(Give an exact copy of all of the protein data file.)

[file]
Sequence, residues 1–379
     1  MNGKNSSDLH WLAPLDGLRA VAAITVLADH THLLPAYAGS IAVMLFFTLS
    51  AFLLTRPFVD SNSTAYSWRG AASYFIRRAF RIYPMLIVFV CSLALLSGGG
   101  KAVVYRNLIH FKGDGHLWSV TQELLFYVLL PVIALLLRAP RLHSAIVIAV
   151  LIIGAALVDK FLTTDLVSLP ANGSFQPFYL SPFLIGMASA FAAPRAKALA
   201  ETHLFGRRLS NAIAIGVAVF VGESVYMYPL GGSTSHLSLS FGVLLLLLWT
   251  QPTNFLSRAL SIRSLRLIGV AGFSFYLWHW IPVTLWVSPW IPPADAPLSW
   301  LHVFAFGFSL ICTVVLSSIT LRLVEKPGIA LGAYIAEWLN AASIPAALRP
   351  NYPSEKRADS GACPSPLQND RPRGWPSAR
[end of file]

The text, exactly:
Sequence, residues 1–379
     1  MNGKNSSDLH WLAPLDGLRA VAAITVLADH THLLPAYAGS IAVMLFFTLS
    51  AFLLTRPFVD SNSTAYSWRG AASYFIRRAF RIYPMLIVFV CSLALLSGGG
   101  KAVVYRNLIH FKGDGHLWSV TQELLFYVLL PVIALLLRAP RLHSAIVIAV
   151  LIIGAALVDK FLTTDLVSLP ANGSFQPFYL SPFLIGMASA FAAPRAKALA
   201  ETHLFGRRLS NAIAIGVAVF VGESVYMYPL GGSTSHLSLS FGVLLLLLWT
   251  QPTNFLSRAL SIRSLRLIGV AGFSFYLWHW IPVTLWVSPW IPPADAPLSW
   301  LHVFAFGFSL ICTVVLSSIT LRLVEKPGIA LGAYIAEWLN AASIPAALRP
   351  NYPSEKRADS GACPSPLQND RPRGWPSAR